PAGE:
Contact:  Wake Forest News Service at (336) 758-5237.

WFU HISTORIAN DISCOVERS, DONATES POLITICAL CARTOONS While researching political cartoons for her 2003 book, “Rough Rider in the White House:  Theodore Roosevelt and the Politics of Desire,” history professor Sarah Watts came across one by German Expressionist artist Lyonel Feininger.  That finding eventually led to a gift by Watts to Harvard University of a substantial collection of Roosevelt cartoons that should prove valuable to researchers in years to come.  Before he gained fame as a painter and paragon of the German Expressionist movement of the 1920s, Feininger worked as a caricaturist and political cartoonist whose work was published in prominent German satiric journals of the pre-World War I period.  Four weeks of researching journals in Berlin last year yielded 12 more Roosevelt cartoons by Feininger, along with 91 more by other artists.  “The cartoons are significant in a number of respects,” Watts said.  “For one thing, they were the first in Germany to portray an American president as a personality.  Previously, the U.S. and its diplomats were usually represented by the Uncle Sam character.  For another, German political satirists generally portrayed Roosevelt as a sober statesman, an international player.  Most of the ‘cowboy’ stuff we see in American cartoons about Roosevelt was for domestic consumption.”  With funding from Wake Forest’s history department, the roughly 100 Roosevelt cartoons Watts assembled were filmed, printed, digitized, translated into English and placed in large notebooks organized according to magazine and year.  Watts then donated the notebooks to the Theodore Roosevelt Collection in Harvard’s Houghton Library, where the former president’s books and papers are kept. Virtually all of the cartoons are in color.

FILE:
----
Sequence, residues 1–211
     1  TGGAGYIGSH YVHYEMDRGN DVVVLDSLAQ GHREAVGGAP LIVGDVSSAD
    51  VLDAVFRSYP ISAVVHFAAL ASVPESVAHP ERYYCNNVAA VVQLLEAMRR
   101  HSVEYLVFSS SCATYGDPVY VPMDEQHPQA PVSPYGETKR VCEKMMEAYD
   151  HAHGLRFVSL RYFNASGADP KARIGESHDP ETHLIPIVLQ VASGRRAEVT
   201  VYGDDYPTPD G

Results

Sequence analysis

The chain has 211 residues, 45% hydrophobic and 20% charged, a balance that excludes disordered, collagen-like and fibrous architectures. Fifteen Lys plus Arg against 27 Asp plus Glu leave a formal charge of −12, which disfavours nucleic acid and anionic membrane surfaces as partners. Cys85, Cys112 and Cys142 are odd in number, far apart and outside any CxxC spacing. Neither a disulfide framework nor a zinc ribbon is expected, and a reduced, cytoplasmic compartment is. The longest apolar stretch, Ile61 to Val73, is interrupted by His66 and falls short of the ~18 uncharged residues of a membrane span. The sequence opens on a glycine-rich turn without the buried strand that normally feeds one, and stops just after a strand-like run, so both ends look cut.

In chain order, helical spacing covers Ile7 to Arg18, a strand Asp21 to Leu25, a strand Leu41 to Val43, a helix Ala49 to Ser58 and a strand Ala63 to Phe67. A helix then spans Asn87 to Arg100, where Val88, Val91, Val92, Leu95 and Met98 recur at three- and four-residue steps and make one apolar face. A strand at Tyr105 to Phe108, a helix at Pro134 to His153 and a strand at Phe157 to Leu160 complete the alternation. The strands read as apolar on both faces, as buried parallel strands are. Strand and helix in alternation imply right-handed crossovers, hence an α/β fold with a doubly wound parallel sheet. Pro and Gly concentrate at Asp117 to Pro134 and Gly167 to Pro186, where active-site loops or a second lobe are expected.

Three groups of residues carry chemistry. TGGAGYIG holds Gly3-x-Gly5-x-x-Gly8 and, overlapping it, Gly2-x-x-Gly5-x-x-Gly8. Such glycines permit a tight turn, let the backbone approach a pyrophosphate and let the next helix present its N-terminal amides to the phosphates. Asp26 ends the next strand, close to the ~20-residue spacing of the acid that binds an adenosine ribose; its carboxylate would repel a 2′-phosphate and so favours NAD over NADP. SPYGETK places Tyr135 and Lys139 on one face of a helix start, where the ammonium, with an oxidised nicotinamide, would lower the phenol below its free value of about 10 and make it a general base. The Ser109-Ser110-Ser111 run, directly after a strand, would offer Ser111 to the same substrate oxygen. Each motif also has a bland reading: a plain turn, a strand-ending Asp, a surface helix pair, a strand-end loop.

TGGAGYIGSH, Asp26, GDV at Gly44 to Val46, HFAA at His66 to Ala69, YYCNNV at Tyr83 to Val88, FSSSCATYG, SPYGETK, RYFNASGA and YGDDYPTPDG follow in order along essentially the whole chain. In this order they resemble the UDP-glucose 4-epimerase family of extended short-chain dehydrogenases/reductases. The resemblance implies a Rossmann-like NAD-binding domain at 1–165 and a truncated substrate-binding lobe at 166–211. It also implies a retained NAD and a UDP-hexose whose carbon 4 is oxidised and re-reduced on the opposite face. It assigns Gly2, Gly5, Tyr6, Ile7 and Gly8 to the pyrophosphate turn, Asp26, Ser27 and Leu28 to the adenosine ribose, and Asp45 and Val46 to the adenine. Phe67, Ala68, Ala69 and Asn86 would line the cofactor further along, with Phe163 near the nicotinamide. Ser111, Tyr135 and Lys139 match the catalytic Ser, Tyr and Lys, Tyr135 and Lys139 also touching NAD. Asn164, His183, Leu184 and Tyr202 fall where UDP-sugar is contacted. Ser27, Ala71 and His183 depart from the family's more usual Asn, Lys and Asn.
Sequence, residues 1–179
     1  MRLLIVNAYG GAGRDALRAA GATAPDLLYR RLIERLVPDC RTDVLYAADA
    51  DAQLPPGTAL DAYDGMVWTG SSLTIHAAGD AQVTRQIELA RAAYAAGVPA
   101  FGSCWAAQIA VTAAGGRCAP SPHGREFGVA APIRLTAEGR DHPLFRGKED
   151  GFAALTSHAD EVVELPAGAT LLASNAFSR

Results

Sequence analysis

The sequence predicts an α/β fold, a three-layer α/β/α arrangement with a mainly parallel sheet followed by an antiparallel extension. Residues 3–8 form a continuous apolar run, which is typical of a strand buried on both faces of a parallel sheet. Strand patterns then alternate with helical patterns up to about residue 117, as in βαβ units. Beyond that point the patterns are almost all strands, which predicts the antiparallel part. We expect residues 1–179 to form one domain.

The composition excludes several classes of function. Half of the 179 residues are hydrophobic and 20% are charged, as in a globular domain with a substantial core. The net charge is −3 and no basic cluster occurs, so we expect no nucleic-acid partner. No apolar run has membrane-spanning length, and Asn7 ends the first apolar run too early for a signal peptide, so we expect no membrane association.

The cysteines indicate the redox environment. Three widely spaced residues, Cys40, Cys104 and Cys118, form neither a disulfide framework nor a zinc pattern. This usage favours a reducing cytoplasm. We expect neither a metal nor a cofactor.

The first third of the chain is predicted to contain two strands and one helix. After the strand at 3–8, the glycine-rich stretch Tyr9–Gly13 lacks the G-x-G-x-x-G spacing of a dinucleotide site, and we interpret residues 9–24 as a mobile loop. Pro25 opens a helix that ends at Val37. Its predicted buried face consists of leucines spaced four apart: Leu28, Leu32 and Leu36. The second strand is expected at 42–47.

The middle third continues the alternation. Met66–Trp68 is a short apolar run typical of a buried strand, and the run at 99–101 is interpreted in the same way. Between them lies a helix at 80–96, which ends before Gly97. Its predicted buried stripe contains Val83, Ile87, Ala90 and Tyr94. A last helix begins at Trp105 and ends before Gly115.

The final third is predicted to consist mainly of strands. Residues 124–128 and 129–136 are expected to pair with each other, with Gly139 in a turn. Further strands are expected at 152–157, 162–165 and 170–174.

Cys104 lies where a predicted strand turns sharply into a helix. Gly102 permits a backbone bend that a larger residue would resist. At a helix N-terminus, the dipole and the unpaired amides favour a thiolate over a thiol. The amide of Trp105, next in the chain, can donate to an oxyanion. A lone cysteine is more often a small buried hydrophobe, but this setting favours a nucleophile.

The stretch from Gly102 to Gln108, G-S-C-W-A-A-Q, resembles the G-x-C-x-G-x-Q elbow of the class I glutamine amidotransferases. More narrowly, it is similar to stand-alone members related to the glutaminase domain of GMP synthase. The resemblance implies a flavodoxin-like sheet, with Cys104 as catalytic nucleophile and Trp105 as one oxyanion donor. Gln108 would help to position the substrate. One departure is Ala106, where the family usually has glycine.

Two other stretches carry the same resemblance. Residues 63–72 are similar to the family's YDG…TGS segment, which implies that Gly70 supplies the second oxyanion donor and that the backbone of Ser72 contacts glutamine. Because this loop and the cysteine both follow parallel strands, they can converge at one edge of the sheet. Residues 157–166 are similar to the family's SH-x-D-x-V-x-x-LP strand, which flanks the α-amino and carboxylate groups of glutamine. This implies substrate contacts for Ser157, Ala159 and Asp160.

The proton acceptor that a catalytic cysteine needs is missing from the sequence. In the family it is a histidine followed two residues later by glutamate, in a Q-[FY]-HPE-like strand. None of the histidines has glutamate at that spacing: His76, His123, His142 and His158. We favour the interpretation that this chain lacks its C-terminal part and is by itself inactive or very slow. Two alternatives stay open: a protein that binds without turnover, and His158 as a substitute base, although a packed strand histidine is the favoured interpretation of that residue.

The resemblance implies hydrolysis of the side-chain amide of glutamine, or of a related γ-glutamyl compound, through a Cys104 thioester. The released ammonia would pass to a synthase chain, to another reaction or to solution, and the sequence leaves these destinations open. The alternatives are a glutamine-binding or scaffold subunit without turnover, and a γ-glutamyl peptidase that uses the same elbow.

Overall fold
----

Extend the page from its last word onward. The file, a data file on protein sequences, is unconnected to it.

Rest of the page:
Contact:  Cheryl Walker, walkercv@wfu.edu or (336) 758-5237.

CHINESE CELEBRATION HIGHLIGHTS DANCE, MUSIC, KUNG FU THEATER Wake Forest will host a free Chinese Cultural Celebration, featuring “Tales from the Beijing Opera” from 4 p.m. to 5:30 p.m. March 4 in Brendle Recital Hall.  The Bejiing Opera performers are known for elaborately painting their faces in colors that symbolize the personalities and roles of the characters.  The celebration will also include several performances by local and professional groups, including martial arts, musical and dance performances and the popular lion dance.  A Chinese fashion show will be held featuring traditional and contemporary Chinese costumes.  Following the performance, the Opera performers will hold a question-and-answer session.

Contact:  Pam Barrett, barretpm@wfu.edu or (336) 758-5237.

POETRY AND MUSIC KICK OFF IRISH FESTIVAL – The 10th annual Irish Festival hosted by Wake Forest University Press will start with “An Evening of Poetry, Music and Fun” at 7:30 p.m. March 6 in the Charlotte & Philip Hanes Art Gallery in Scales Fine Arts Center.  The reading will feature Irish poet Justin Quinn and musical performances by the traditional Celtic band Green Folk and singers Mary and Glenn Siebert.  The reading will also celebrate the official North American launch of Irish poet Michael Longley’s latest book, “Collected Poems.”  A reception featuring authentic Irish food and drink and a booksigning with Quinn will be held following the reading.  Other events offered as part of this year’s Irish Festival include the popular Community Day to be held from 11 a.m. to 3 p.m. March 17 on Davis Field at Wake Forest and an Irish Pub Quiz at 7:30 p.m. March 20 at Finnigan’s Wake Pub in downtown Winston-Salem.